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The long road to New Zealand feeling OK about women doing sport

Thursday 4th August 2016

The "Senior Club Swinging Team" of Surrey Hills Convent, Grey Lynn, Auckland.

Sir George Grey Special Collections, Auckland Libraries, 7-A11074

New Zealand has 199 athletes going to the 2016 Olympic Games in Rio, 100 of which are women. No big deal. But also quite a big deal. 

Because it wasn't always this way. As recently as the 1870s (post-muzzle era), Kiwi women had to fight tooth and nail to exit their playpens and enter the world of sport. No sooner had they looked down to discover they, too, possessed arms and legs and a fondness for using them, than an army of rattled men gathered to pop their balloon. 

If women did sport, they enquired, laughing nervously to veil their abject terror, then who would do the breeding and feeding? What if, following a hard day's sport, women's bodies proceeded to go gentle into that good night? Worst of all: what if they all got the "hard face"? (More on that later.) 

Women didn't answer back, because 1. They weren't allowed, and 2. They were quite certain their bodies had coped with far worse, like ejecting watermelons through the head of their pin. Instead, they proceeded to dominate the croquet lawn in blinding whites. Then they leapt into tennis, swimming, netball, rugby, cricket and cycling.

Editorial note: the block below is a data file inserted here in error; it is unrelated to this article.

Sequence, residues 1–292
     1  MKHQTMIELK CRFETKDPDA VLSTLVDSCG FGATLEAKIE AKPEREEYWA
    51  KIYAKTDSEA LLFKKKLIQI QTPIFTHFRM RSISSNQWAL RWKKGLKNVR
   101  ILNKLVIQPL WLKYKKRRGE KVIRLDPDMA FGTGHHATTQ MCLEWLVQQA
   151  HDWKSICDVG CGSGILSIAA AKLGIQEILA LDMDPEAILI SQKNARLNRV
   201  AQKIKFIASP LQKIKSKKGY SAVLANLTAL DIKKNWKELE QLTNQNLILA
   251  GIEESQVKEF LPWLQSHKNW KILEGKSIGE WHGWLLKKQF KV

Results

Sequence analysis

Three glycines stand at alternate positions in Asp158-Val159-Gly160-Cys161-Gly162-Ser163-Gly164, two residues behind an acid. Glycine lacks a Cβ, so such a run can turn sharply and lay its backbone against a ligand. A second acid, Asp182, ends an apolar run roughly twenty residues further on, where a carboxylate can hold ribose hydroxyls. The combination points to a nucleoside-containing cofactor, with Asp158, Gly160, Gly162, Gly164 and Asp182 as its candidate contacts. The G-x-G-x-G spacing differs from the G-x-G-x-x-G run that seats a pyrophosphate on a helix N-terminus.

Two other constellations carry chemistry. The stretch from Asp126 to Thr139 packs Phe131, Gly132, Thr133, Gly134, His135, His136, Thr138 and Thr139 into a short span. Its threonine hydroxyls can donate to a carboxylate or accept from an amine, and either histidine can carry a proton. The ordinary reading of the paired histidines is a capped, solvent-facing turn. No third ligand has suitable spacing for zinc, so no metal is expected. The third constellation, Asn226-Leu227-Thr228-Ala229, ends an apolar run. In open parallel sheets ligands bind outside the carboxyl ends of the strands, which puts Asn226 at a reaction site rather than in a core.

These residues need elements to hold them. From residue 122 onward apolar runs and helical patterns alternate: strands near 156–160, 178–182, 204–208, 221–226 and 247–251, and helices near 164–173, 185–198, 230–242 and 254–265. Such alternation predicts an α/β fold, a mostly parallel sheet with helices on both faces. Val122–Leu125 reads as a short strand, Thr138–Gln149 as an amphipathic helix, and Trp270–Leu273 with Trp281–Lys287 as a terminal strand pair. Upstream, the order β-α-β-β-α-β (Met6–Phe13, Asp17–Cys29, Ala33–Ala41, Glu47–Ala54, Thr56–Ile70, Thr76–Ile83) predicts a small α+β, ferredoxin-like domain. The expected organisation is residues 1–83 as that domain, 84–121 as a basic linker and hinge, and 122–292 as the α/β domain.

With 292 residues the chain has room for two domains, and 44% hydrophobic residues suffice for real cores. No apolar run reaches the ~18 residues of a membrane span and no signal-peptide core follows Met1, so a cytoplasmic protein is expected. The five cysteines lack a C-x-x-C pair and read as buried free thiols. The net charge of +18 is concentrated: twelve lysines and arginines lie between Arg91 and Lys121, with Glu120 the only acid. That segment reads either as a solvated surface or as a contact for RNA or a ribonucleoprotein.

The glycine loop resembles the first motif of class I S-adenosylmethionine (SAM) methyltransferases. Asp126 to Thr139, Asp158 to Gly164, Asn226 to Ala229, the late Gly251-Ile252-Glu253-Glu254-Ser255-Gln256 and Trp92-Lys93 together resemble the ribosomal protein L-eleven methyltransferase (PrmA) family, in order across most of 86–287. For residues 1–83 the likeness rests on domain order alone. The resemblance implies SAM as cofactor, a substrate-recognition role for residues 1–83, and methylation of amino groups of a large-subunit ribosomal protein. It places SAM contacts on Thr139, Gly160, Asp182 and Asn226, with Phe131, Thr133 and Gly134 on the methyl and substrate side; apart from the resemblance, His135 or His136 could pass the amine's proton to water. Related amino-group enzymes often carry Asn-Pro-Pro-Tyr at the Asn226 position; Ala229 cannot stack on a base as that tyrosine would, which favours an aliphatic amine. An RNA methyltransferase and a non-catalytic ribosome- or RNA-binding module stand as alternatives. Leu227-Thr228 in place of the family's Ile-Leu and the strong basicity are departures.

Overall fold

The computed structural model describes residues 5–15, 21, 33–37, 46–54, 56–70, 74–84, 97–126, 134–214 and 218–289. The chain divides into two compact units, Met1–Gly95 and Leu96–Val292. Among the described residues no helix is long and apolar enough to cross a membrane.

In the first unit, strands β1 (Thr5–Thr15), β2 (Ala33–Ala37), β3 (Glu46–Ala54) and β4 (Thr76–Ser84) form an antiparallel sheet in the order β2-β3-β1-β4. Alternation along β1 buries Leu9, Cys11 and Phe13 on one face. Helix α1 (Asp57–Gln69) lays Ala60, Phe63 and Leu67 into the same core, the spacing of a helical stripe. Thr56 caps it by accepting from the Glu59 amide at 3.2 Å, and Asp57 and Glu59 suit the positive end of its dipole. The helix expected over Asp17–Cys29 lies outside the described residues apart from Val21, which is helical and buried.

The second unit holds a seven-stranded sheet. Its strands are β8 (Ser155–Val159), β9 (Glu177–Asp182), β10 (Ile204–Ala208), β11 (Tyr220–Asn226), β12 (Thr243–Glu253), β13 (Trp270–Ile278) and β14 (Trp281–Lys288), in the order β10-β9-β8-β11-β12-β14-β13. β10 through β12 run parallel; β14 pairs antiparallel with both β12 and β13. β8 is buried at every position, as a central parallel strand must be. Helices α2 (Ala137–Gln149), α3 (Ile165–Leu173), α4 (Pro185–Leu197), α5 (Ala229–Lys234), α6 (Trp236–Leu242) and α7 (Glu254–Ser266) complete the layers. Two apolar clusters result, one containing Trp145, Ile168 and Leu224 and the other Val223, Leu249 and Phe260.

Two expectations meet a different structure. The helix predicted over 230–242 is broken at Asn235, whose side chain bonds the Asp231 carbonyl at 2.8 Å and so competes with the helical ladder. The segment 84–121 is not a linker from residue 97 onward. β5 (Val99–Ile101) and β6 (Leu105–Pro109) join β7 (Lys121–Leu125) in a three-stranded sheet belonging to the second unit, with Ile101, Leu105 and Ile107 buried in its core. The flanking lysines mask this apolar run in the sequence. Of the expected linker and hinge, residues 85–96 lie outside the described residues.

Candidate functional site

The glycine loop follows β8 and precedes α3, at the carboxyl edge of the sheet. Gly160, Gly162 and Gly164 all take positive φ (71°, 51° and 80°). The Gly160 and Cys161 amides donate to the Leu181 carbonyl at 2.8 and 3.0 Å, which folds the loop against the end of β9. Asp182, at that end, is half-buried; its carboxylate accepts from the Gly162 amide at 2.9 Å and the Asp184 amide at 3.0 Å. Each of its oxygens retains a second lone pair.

Nervy husbands began to imagine spooning hard lumps of sun-weathered muscle at night, and it made their heads spin. "Are New Zealand women fond of sports?" pondered the Auckland Star in 1924, but by then everyone knew the answer was a scary "Yes."

1910: Women playing croquet in Rotorua. A male minder watches on in case of medical emergency. 

Sir George Grey Special Collections, Auckland Libraries, 35-R1315

The milieu of this turbulent time can be traced through ancient New Zealand newspapers, where debate over women's "athletics" raged on for a good 50 years. 

The general feeling was that women were, according to the Central Otago Gazette (1925): 
"Thin-skinned, unbalanced, squeamish sentimentalists, hypersensitive, almost hysterical where the infliction of even necessary pain is concerned."

In other words, ladies could barely stand up on their own two feet without support. Surely athletics would be the end of them altogether?

But some silver linings were gradually unearthed. Take the Timaru Herald in 1893, which, in an attempt to soothe the rattled nation, called on "Dr Richardson". 

Women doing sport was the most radical thing to happen "in the last 20 years", said Dr Richardson, but there was no need to panic. For a start, sport calmed women's addled minds:

“There is generally less bloodlessness [dullness]," he assured readers, "less of what the old fiction writers called 'swooning'; less of lassitude [fatigue]; less of nervousness, and less of hysteria."

Exercise, continued Dr Richardson, could also make women look "better than in the olden time"  a definite plus for men.